Rod Sims: Ad tech market competitive within three years, YouTube opened up in one, 30% ticket clipping over
ACCC chair Rod Sims told Mi3 he sees a competitive ad market within three years after the regulator gains new powers that prevent Google from anticompetitive behaviour instead of having to fight the tech giant on minutia after the fact. But he's aiming for one major change well before then – opening up YouTube to the broader market.
What you need to know:
- Sims seeking new preventative powers from Treasury to open up market, says current set up means fighting lawyers on minutiae, taking years, with risk of losing.
- Thinks new powers will enable competitive ad tech market within three years.
- But aims to force Google to open up YouTube as early as next year.
- If successful in reforms, Sims said ad tech providers will no longer be taking a 30 per cent clip.
Rod Sims is seeking sweeping preventative powers in a bid to stop Google preferencing its own business over the rest of the ad market – powers that would outlaw anticompetitive behaviour before the fact, not take years to remedy afterwards.
As things stand, the ACCC chair thinks it may take three years before Australia’s ad tech market becomes competitive. But he said forcing Google to open up YouTube to the open market would make a big difference – and could happen much more quickly.
Speaking to Mi3 after issuing a 200-page dossier outlining Google’s digital ad market dominance and alleged anticompetitive behaviour, many would argue the horse bolted some time ago. But Sims, who’s ACCC tenure ends next year, said the alternative is to wait much longer and risk battling lawyers on every piece of minutia.
“The issue with competition law enforcement under current rules is that it takes three to four years to run the cases from start to finish – and that's the quickest,” said Sims. “And you're inevitably looking at narrow breaches of the law. So if you were to be successful, you might have a finding from the court that 'this particular bit of activity was illegal', but the world may have moved on by the time the judgment comes out, they may have found other ways to do what they're doing.”
Instead, the ACCC is mirroring UK and European regulatory approaches in forcing upfront or ‘ex ante’ rules that outlaw self-preferencing, conflicts of interest and lack of transparency, instead of trying to rein them in after the fact.
“That will be broader and I think more effective,” said Sims, with the rules specific to the sector, as currently exists in the telco sector under parts 11 B and 11 C of the Competition and Consumer Act, though Sims said telco “was not a blueprint” for the new powers he seeks to curb Google’s might.
If Sims and the ACCC are given the new powers, he thinks Australia’s digital ad market will look very different within three years.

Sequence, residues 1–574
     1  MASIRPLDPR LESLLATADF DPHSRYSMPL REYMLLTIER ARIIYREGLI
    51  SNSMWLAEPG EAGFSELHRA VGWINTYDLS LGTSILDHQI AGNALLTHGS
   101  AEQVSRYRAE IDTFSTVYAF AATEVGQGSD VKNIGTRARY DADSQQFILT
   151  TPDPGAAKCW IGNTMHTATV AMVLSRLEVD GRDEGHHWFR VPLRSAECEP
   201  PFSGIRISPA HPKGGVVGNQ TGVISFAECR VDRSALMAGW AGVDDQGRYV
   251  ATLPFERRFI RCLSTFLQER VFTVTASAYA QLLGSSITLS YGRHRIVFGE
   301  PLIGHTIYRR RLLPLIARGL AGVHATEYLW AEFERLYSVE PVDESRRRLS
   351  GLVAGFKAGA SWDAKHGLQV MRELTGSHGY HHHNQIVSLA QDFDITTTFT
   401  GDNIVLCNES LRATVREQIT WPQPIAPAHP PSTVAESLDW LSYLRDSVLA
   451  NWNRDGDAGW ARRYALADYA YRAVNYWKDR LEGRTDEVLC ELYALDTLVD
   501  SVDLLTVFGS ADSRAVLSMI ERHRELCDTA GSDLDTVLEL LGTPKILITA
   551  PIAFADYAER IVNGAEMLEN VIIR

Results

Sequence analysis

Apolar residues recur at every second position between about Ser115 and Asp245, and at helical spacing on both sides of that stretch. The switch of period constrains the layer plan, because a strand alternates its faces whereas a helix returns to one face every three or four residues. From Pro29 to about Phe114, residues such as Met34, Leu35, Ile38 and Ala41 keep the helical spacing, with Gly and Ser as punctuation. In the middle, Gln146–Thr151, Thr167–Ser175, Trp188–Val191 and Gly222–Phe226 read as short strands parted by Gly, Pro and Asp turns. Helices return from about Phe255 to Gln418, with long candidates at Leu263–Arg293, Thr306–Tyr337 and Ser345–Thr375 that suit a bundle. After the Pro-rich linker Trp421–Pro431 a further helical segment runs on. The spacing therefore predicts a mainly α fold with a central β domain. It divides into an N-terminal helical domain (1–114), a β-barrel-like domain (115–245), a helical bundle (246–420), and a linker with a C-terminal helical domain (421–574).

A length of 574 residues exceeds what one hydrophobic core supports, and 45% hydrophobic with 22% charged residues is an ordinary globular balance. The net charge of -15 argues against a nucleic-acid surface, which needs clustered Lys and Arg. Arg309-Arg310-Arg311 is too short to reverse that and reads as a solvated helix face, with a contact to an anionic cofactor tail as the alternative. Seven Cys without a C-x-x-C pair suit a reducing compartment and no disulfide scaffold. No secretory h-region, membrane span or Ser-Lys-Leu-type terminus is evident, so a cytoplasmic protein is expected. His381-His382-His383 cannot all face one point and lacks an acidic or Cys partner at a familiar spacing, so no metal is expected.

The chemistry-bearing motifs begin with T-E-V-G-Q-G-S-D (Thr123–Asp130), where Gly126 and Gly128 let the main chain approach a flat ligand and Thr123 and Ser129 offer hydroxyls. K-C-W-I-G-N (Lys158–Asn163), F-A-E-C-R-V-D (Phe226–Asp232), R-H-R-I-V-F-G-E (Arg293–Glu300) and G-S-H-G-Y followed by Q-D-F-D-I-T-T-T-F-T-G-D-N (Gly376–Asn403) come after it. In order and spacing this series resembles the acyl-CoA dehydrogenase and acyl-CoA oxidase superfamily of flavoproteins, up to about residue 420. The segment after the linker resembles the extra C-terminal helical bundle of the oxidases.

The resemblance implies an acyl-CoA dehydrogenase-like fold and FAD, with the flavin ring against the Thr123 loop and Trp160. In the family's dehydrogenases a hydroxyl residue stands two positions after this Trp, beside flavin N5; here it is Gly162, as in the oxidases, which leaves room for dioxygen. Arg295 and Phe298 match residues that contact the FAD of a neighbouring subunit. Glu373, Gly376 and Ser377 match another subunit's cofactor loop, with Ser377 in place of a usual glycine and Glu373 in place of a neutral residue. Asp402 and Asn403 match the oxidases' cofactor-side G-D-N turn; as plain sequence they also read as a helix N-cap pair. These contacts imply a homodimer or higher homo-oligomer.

“It would no longer be a market completely, or largely, controlled by Google,” Sims said.
“It would be a market where there's less conflicts of interest where Google is often trying to get the best deal for the buyer and the seller at the same time, which is pretty well impossible.” Meanwhile, the ability to take faster action would mean barriers to entry for new players would be lower, publishers would get more money and advertisers would get “more bang for their buck”, said Sims.
Meanwhile, across the broader ad tech market, the ticket clipping by parties in the chain between advertiser and publisher would be lower. “It wouldn’t be as high as 30 per cent,” said Sims.
But he’s hoping for one major change before then: forcing Google to open up YouTube inventory to the open market by the end of next year. Currently, buyers that want YouTube have to use Google’s ad tech.
“We’re going to come out with this late next year, once we’ve done a lot of work with our overseas colleagues, trying to align ourselves, but you could have a rule that prevents Google from making YouTube inventory only available through Google ad tech. Then they couldn't do that anymore. So immediately you take away that big advantage Google's got.”
If Google refuses, Sims said it would face penalties of up to 10 per cent of turnover, “and we can go to court and the court can demand that they stop doing it. So it's very powerful, [but] we've got to get these laws right.”
The ACCC and Treasury will now work up those laws. Sims said he has not been pushing “for specifics” to date “because they have got a pandemic to deal with”.
“What I've said to them is we'll give you specifics, working with Treasury, we'll come up with some specifics later next year.”
Which gives the broader industry a good idea of the timetable required to publish transparent pricing for ad tech services, a key recommendation within the 200-page report, or run the risk of government intervention.
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